Box Office Wrap Up: Aquaman Rides Global Wave.
Taking 1st place in the domestic box office was a bonus for Aquaman, which has conquered foreign markets.
While Aquaman may be lord of Atlantis, he’s not doing too shabby in Beijing. While his US debut was not record-breaking, it was plenty good enough for first place against two other big franchises. It also made a nice dessert course after having chewed its way through foreign markets to the tune of nearly half a billion dollars. For a movie about a guy who talks to fish, Aquaman sure had a lot to say at the box office.
This Week In Box Office History.
This Christmas weekend didn’t have a Star Wars, but did nearly identical numbers to last year. Overall the box office was just 2 million dollars lighter than last year, and up a sizable 52% from last week. The triple threat of Aquaman, Mary Poppins, and Bumblebee all combined to concentrate over 100 million dollars in the top three alone. While impressive, there was seemingly plenty to go around as the overall take of 178 million dollars was spread across the field. This helped a couple Oscar favorites to crack the top ten alongside the bigger tent-pole films.
Top Film Last Year: Star Wars – The Last Jedi.
Top Film Last Decade: Yes Man.
Top Three Films.
Aquaman dominated the box office, taking in 67 million dollars and first place over the three day weekend. That is the lowest opening for a DCEU film in the US, but paradoxically Aquaman enjoys some of the best audience scores of the bunch. It also has completely mastered the seven seas, taking in a whopping 415 million dollars on the foreign markets. This includes a hefty take of 189 million dollars in China. With decent critical scores and good word of mouth, it should be just fine domestically, and will likely continue to ride the giant wave overseas as well.
Mary Poppins floated in to second place, taking in 23 million dollars at home. That was in line with studio estimates going into the week, but still troubling. It is a little higher than Pete’s Dragon or The Nutcracker, but a bit lower than Disney’s Christopher Robin (which I would argue is a telling comparison as they share quite a lot of themes.) It is also a lot lower than A Wrinkle in Time, which had nearly an identical budget. Overall, second place may be medicine no amount of sugar can ease as Disney yet again struggles with live action films.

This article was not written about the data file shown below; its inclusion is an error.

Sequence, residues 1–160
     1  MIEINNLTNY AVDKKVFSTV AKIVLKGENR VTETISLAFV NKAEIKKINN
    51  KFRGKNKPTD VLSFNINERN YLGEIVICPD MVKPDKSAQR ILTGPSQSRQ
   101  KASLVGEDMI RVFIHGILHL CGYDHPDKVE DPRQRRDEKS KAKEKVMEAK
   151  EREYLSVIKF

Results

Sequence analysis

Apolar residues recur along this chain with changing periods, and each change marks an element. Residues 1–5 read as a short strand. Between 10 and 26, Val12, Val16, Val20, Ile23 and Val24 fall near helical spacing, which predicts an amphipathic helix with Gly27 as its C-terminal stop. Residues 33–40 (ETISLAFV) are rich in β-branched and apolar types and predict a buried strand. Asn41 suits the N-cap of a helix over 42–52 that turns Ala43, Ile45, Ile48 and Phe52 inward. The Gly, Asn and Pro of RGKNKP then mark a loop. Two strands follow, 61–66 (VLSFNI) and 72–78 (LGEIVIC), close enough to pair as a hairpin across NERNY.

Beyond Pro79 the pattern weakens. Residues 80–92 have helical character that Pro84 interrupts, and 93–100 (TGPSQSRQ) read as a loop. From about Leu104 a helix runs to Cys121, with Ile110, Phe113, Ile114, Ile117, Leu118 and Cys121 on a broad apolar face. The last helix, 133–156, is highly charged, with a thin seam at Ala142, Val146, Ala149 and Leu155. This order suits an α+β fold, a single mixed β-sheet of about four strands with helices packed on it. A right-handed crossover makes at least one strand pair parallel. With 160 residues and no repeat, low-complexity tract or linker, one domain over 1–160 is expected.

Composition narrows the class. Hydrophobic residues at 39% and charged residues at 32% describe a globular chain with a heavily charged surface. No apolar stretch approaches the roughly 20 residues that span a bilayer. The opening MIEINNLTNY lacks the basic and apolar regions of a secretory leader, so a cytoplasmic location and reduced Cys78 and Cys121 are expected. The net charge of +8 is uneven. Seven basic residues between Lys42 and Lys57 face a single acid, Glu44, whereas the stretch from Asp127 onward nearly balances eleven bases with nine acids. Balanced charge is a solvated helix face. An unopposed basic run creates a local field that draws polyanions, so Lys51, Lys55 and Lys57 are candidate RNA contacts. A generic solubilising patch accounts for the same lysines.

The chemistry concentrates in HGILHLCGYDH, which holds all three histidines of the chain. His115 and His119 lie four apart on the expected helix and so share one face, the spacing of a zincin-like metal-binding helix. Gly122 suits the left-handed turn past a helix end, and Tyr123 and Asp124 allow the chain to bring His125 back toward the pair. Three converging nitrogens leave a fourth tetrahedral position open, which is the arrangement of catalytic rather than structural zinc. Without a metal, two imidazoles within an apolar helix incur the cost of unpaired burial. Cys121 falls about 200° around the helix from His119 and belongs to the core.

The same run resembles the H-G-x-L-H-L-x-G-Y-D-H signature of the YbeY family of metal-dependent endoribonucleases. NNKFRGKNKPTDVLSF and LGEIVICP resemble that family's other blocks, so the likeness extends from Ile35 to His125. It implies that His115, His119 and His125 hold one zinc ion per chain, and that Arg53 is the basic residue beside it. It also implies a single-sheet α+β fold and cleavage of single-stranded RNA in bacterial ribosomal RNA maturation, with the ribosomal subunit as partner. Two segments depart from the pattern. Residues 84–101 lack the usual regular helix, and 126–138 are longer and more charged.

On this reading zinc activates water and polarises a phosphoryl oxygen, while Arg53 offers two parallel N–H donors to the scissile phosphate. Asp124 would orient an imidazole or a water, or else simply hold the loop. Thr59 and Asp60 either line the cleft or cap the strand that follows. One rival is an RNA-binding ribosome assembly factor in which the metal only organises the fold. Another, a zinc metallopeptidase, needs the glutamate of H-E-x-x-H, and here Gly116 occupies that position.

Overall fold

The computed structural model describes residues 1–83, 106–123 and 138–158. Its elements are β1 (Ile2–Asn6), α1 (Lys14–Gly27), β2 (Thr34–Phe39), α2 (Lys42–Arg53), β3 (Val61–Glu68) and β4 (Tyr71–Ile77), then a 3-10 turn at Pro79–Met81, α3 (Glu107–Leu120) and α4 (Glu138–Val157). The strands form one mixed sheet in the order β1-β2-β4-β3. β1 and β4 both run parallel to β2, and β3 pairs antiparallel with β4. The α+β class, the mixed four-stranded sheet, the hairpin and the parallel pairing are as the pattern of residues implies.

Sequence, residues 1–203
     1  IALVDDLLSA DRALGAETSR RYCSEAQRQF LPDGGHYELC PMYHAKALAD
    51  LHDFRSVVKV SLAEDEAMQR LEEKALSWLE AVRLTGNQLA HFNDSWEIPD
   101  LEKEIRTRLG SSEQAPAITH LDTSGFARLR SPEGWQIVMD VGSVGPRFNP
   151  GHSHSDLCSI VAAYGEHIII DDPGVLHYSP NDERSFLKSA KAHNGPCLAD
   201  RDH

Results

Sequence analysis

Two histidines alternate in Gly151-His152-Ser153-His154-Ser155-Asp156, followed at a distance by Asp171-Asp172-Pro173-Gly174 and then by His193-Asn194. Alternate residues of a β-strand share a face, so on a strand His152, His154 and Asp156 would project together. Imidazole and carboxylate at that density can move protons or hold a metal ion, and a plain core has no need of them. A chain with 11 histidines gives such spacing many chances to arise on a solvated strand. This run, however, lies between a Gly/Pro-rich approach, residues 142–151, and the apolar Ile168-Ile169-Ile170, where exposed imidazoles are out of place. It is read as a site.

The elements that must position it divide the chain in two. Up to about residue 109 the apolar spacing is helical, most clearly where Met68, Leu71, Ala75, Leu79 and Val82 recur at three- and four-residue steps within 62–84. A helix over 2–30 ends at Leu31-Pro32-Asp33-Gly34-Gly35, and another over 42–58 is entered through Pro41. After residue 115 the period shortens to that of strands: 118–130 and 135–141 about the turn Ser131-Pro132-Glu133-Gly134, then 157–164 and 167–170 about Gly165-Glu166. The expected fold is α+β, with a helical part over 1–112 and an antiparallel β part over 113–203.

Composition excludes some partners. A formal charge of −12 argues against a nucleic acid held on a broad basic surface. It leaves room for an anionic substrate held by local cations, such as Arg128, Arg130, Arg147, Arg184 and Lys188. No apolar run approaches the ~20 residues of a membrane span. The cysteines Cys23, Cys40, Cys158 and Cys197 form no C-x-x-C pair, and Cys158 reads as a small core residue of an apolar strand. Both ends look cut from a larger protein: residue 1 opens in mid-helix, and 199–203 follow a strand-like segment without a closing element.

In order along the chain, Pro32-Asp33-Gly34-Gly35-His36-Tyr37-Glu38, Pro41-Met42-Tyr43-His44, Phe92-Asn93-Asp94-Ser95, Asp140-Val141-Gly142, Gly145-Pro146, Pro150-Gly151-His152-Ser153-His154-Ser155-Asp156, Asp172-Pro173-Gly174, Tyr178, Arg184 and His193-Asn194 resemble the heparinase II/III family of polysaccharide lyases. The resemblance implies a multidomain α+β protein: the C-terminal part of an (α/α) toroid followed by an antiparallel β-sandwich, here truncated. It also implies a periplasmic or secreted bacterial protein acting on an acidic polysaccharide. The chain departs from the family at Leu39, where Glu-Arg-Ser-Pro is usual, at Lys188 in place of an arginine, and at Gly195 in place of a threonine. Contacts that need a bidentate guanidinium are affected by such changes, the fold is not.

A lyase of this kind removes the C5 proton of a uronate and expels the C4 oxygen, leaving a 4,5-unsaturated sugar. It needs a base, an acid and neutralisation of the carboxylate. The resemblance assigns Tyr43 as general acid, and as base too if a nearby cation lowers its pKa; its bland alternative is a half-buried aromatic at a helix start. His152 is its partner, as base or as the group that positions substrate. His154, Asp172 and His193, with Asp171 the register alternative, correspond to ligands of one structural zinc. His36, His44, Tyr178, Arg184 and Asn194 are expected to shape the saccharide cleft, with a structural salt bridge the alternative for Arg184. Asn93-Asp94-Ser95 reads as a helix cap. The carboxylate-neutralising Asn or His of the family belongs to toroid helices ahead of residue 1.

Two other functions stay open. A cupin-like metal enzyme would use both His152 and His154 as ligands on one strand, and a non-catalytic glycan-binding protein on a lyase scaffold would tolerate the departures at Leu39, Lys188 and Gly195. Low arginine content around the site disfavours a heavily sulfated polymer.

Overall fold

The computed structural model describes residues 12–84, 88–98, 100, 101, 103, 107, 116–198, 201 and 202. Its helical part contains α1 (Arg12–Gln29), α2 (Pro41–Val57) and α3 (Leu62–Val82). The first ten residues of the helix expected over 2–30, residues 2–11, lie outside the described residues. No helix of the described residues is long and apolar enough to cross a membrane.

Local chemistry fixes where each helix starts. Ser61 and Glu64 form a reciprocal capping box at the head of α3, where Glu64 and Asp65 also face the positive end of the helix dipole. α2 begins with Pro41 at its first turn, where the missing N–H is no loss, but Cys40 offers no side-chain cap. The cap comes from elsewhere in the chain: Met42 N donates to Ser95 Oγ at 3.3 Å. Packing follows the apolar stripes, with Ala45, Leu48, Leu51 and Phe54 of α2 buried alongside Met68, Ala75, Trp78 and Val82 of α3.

Third place is another mixed signal, as Bumblebee notched 21 million dollars domestically. That’s the worst opening of the series, but once again the film boasts some of the best reviews of the franchise. Paramount smartly scaled back the budget from the unwieldy 200 million of the latter iterations, spending just a hair below the original film from 2007. More and more often the series has lived or died on foreign sales. That may be a tougher proposition this season as Aquaman is dominating there. We’ll know more about Bumblebee’s fate when the film opens in China on January 4th.
The other two wide release films managed to find footholds in the top ten. Jennifer Lopez’ comedy Second Act finished up at the seventh spot, taking in a healthy 6 million dollars against a 16 million dollar budget. The Steve Carell led drama Welcome to Marwen held on to the ninth spot with 2 million dollars against a 39 million dollar budget. Despite the fine cast and pedigree of the director (Zemeckis being responsible for the mega hits Forrest Gump and the Back to the Future trilogy) the film has received scathing reviews from critics, and audience reaction was lukewarm.
Expanding nationally, Mary Queen of Scots rounded out the top ten, adding 2 million dollars to its cumulative take of 3.5 million dollars.